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Rural Population - Ages 65+
Rural Population - Ages 65+ in United States
United States

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United States Value:


Percentage of adults ages 65 and older who live in a rural area

Rural Population - Ages 65+ in depth:

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Rural Population - Ages 65+ by State

Percentage of adults ages 65 and older who live in a rural area

Rural Population - Ages 65+ Trends

Percentage of adults ages 65 and older who live in a rural area

Trend: Rural Population - Ages 65+ in United States, 2023 Senior Report

Percentage of adults ages 65 and older who live in a rural area

United States

 U.S. Census Bureau, American Community Survey

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About Rural Population - Ages 65+

US Value: 23.3%

Top State(s): Vermont: 66.7%

Bottom State(s): New Jersey: 6.1%

Definition: Percentage of adults ages 65 and older who live in a rural area

Data Source and Years: U.S. Census Bureau, American Community Survey, 2021

Suggested Citation: America's Health Rankings analysis of U.S. Census Bureau, American Community Survey, United Health Foundation,, accessed 2023.

Residents of rural areas tend to be older than their urban counterparts — 19% of the rural population is 65 years or older — and are at greater risk for poor health outcomes. Rural areas are often under-resourced and face unique challenges with respect to the social determinants of health. These challenges are associated with a preventable hospitalization rate 40% higher than that of urban populations and a mortality rate 23% higher. Rural residents also tend to have higher rates of cigarette smoking, high blood pressure and obesity. 

The demographics of the older adult population are shifting. Historically, women have lived longer than men; at last count, 52% of the older rural population was female. While this trend will likely continue, the age gap between men and women is expected to shrink. Rural areas are less ethnically diverse, with the white population accounting for 92.7% of adults ages 65 and older. Older Black and Hispanic adults make up less than half the proportion they do in urban populations, accounting for 4.5% and 2.3% of rural demographics, respectively. 

Older adults living in rural areas face unique challenges in staying healthy. The health of rural populations is impacted by a complex mix of economic, social, racial, ethnic and geographic factors. Financial insecurity, remote location, lower socioeconomic status and higher rates of unhealthy behaviors contribute to the significant health disparities between rural and urban populations. Furthermore, geographic isolation and health care workforce shortages make lack of access to care a very serious issue for rural populations. As rural residents age, their health needs increase, and their already-limited access to necessary services may decrease if they have mobility impairments or rely on caregivers for transportation. In 2020, there were an estimated 53 million caregivers in the United States, about half of whom were taking care of a parent or a parent-in-law. Most caregivers of older adults are spouses or adult children, but decreasing fertility and marriage rates and increasing divorce rates mean that many baby boomers will not have partners or children who can help them age independently. This will put new and unique stresses on the health care system and challenge how our society currently cares for older adults.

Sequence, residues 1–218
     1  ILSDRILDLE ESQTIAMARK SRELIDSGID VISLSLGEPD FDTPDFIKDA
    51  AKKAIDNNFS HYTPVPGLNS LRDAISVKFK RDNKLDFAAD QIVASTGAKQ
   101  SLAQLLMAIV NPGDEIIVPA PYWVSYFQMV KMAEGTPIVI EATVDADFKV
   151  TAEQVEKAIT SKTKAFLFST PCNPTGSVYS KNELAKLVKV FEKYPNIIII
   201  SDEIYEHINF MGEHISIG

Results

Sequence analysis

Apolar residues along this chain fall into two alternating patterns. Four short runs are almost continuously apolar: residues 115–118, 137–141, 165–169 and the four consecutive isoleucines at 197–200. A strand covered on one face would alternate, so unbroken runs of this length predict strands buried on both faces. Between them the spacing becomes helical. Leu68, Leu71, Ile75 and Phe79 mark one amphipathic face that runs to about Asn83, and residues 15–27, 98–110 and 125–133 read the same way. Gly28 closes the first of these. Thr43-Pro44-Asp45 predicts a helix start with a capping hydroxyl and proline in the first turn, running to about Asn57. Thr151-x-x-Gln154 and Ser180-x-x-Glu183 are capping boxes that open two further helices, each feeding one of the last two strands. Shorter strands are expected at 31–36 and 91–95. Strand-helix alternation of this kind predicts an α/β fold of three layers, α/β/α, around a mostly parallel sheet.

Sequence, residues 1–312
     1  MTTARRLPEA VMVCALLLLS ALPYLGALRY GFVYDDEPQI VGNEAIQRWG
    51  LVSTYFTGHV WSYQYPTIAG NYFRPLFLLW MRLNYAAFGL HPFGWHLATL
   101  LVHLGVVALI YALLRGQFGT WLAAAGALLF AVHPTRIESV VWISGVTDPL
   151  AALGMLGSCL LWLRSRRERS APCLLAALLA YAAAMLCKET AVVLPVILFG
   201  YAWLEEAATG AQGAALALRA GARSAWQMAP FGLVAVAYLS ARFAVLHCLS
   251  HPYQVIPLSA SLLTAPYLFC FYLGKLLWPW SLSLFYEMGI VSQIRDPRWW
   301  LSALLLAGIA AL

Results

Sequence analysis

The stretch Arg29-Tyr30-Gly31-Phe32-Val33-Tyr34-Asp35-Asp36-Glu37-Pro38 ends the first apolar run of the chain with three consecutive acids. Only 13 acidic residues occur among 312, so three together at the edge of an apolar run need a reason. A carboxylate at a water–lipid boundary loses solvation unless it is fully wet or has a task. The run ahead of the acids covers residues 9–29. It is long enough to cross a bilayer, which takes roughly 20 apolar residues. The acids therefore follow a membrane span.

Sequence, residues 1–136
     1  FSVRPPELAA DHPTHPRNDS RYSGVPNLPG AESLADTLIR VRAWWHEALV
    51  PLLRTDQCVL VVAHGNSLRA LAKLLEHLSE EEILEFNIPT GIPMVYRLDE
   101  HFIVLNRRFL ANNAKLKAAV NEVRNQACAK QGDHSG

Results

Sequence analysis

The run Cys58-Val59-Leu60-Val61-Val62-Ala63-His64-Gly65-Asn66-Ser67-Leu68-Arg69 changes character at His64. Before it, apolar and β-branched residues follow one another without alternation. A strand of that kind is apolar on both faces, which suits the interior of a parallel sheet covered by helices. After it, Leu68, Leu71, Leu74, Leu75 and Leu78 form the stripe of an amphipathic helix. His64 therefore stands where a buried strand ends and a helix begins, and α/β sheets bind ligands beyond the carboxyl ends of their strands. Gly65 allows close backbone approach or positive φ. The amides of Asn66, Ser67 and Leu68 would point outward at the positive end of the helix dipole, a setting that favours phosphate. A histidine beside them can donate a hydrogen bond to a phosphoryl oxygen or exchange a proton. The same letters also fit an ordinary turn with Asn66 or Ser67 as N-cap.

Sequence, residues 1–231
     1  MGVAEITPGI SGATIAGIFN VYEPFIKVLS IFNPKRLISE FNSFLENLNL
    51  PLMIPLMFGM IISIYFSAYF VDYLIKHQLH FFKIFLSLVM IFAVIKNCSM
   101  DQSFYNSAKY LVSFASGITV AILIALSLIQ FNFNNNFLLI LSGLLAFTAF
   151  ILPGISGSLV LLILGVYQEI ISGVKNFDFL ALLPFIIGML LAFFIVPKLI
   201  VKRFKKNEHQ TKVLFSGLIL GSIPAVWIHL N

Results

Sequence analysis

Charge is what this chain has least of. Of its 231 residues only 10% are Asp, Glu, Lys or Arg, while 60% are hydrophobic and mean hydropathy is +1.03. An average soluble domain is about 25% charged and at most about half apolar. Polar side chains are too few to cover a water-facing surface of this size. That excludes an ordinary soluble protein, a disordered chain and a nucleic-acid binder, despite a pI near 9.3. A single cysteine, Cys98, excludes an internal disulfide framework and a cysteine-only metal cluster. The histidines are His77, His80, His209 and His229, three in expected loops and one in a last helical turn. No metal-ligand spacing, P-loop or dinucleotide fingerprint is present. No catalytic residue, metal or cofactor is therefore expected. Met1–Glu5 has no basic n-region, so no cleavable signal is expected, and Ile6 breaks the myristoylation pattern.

Addressing rural health disparities requires special policy considerations at all levels of the government and community.  

To reduce health disparities in rural areas, the Centers for Disease Control and Prevention (CDC) recommends that health care providers focus on the following areas for improvement: 

Older adults can use the National Council on Aging’s BenefitsCheckUp tool to find out more about what kind of assistance they may be eligible for and the Administration on Aging’s Eldercare Locator to find programs near them.

AARP and National Alliance for Caregiving. “Caregiving in the United States 2020.” Washington, D.C.: AARP, May 14, 2020.

Dowell, Deborah, Kathleen R. Ragan, Christopher M. Jones, Grant T. Baldwin, and Roger Chou. “CDC Clinical Practice Guideline for Prescribing Opioids for Pain — United States, 2022.” MMWR. Recommendations and Reports 71, no. 3 (November 4, 2022): 1–95.

Johnston, Kenton J., Hefei Wen, and Karen E. Joynt Maddox. “Lack Of Access To Specialists Associated With Mortality And Preventable Hospitalizations Of Rural Medicare Beneficiaries.” Health Affairs 38, no. 12 (December 1, 2019): 1993–2002.

Smith, Amy Symens, and Edward Trevelyan. “The Older Population in Rural America: 2012–2016.” American Community Survey Reports. Washington, D.C.: U.S. Census Bureau, 2018.

U.S. Department of Housing and Urban Development, Office of Housing, Office of Multifamily Housing Programs. “Great Places to Call Home: A Representative Portfolio of HUD’s Section 202 Program.” Washington, D.C., 2009.

Vespa, Jonathan, Lauren Medina, and David M. Armstrong. “Demographic Turning Points for the United States: Population Projections for 2020 to 2060.” Current Population Reports. Washington, D.C.: U.S. Census Bureau, February 2020.

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